I was very fortunate to have been groomed by some of the best and daring liberation leaders, from meeting Zimbabwe Army Chiefs, from academia and general public. 

TAD continue to study the relationship between the British Monarch and the British Government, because we think Great Zimbabwe should have followed that set up of governance, we abandoned our original system of governance.

ND: Are you going to participate in the coming elections?

MM: The African Democrats (TAD), first participated back in 2018, and God willing, will contest in the 2023, and we are looking forward to the challenge.

ND: How different is TAD from other political parties in the country and why should Zimbabweans invest their faith in you come elections in July?

The common denominator of all political parties is democracy, rule of law, and respect for human rights. Zimbabweans need to be futuristic, visionaries and envisage a Zimbabwe in 20 years, 50, 100 years from now. Look at our frontrunners, ED and Chamisa, already contesting for the second time, clearly in the next five to 15 years, both might not be running again, Zimbabweans need to invest and nurture future leaders today, tomorrow’s leaders today.

  1. Zimbabwe needs nuclear energy to power future Industries – TAD is that political party.
  2.  Zimbabwe needs to address a sustainable system of governance, to debate foreign policies, to be a major superpower, to grow as a country under different styles of leadership – we are those Leaders.
  3. Diasporans need to come home, we need to build more cities, build rural economies and industrialize out urban municipalities – TAD is that political party

ND: What is TAD’s view when it comes to the convergence of opposition political parties?

MM: Does TAD believe that Zimbabwe coalitions or political marriages are sincere and honesty, No!! They are not even convenient, coalitions must be openly discussed, debated and all ideologies on the table. Zimbabwe political parties have hidden agendas, secret motives and under the carpet party manifestos not shared during these convergences, dishonesty and lying both to the public and to their supporters, therefore, TAD only engage in coalitions after a series of meetings to test the authenticity of other political parties. TAD believe in coalitions before and in-between elections, maybe two to three years before elections to test our political relationship, we can’t, on the verge of elections just rush to endorse another leader or another political party – it’s a relationship, like marriage, you can’t just marry overnight – study partner. We have seen how bigger political parties swallow smaller political parties, rob them of their party manifestos and soil or dilute their vision and eventually, nothing will be left of that party.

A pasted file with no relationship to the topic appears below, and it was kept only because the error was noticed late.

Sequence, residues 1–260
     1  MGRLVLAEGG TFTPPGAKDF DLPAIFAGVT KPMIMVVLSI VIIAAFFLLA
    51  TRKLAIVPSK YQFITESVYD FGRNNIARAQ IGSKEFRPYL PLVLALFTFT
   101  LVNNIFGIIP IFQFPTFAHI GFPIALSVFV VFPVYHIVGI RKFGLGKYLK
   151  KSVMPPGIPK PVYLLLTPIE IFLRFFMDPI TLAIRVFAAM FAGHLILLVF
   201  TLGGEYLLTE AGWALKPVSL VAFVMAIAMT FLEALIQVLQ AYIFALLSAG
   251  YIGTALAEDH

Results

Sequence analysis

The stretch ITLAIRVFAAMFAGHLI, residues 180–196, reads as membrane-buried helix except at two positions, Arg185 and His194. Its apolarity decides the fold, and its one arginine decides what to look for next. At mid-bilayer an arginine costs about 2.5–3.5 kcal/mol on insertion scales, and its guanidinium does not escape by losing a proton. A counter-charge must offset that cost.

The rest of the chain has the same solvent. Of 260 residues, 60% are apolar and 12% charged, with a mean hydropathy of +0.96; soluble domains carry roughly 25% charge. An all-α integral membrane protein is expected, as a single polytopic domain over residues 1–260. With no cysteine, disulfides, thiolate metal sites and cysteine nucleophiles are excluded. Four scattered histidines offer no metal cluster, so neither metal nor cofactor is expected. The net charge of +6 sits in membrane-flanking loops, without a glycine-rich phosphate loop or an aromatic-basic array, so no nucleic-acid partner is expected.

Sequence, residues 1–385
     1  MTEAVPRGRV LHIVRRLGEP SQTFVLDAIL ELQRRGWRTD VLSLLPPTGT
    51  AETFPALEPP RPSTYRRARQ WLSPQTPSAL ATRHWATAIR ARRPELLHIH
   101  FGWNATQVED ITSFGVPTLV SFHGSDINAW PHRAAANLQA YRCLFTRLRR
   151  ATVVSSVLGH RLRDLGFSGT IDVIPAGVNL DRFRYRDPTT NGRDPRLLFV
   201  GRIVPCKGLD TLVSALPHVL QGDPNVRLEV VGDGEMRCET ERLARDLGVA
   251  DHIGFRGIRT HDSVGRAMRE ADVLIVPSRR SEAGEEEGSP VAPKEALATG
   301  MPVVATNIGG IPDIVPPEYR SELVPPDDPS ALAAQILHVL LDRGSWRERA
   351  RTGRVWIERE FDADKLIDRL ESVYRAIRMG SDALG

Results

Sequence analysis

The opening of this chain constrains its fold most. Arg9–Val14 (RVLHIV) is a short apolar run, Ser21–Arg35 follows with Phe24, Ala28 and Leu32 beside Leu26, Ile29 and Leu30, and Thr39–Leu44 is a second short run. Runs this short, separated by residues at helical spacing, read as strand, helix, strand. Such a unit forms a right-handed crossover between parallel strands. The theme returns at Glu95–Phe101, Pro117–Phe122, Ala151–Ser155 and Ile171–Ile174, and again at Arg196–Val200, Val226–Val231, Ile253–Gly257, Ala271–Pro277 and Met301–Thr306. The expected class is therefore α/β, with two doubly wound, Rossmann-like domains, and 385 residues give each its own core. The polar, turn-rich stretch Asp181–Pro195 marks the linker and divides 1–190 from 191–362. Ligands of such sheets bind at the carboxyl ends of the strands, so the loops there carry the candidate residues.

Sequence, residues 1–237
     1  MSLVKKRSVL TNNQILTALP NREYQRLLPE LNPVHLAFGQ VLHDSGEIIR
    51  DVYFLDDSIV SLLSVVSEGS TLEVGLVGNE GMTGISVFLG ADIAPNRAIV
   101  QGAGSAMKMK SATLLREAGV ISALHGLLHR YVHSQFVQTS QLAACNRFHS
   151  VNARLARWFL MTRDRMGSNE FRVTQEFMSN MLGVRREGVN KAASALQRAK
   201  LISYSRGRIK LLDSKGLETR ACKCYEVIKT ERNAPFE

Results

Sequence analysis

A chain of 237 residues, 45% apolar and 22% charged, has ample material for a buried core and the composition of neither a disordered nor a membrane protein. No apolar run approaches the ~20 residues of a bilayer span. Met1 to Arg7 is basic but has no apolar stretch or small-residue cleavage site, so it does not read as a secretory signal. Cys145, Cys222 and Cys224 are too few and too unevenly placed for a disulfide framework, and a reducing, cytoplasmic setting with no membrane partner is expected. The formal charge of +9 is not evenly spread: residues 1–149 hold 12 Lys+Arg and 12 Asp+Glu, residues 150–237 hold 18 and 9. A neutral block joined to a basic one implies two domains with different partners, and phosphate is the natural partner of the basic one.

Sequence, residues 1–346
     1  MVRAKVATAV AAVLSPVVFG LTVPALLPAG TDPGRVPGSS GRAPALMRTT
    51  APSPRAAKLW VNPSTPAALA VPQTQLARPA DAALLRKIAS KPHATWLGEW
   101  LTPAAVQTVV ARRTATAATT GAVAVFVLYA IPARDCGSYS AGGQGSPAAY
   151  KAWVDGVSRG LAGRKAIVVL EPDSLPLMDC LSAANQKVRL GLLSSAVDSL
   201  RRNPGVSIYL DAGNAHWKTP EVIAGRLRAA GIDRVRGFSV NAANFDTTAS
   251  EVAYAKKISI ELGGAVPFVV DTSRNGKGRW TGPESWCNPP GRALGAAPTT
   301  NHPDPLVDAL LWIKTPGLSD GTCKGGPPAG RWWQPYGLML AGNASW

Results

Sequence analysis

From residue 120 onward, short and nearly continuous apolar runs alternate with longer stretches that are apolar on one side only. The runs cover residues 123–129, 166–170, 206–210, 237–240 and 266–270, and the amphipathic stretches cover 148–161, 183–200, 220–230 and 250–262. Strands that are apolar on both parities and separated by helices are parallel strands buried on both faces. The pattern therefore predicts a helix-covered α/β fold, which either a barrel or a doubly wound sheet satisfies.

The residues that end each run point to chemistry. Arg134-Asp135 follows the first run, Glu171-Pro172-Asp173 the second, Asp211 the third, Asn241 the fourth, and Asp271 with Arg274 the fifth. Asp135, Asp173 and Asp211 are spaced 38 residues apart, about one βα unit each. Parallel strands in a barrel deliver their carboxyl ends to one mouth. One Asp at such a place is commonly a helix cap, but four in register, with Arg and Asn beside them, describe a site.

To unseat Zanu-PF, an opposition must be Pan African, Patriotic and convincing on dealings with western governments.

ND: As we are winding up the discussion what are your parting words?

MM:  TAD is a political movement that respects history, liberation credentials yet modern and forward thinking – we should be able to convince elders that the country is in safe hands, demonstrate Pan Africanism in how we engage and comment with the West. TAD is always mindful of how to put to rest the transition from Zanu-PF to another opposition, through grooming, engagement and constant dialogue, TAD has potential to be a trusted party to take over from Zanu-PF, might not be entirely in this 2023 elections but an opportunity to prove that we are maturing as leaders.

ND: Thanks very much for taking your time to speak to NewsDigest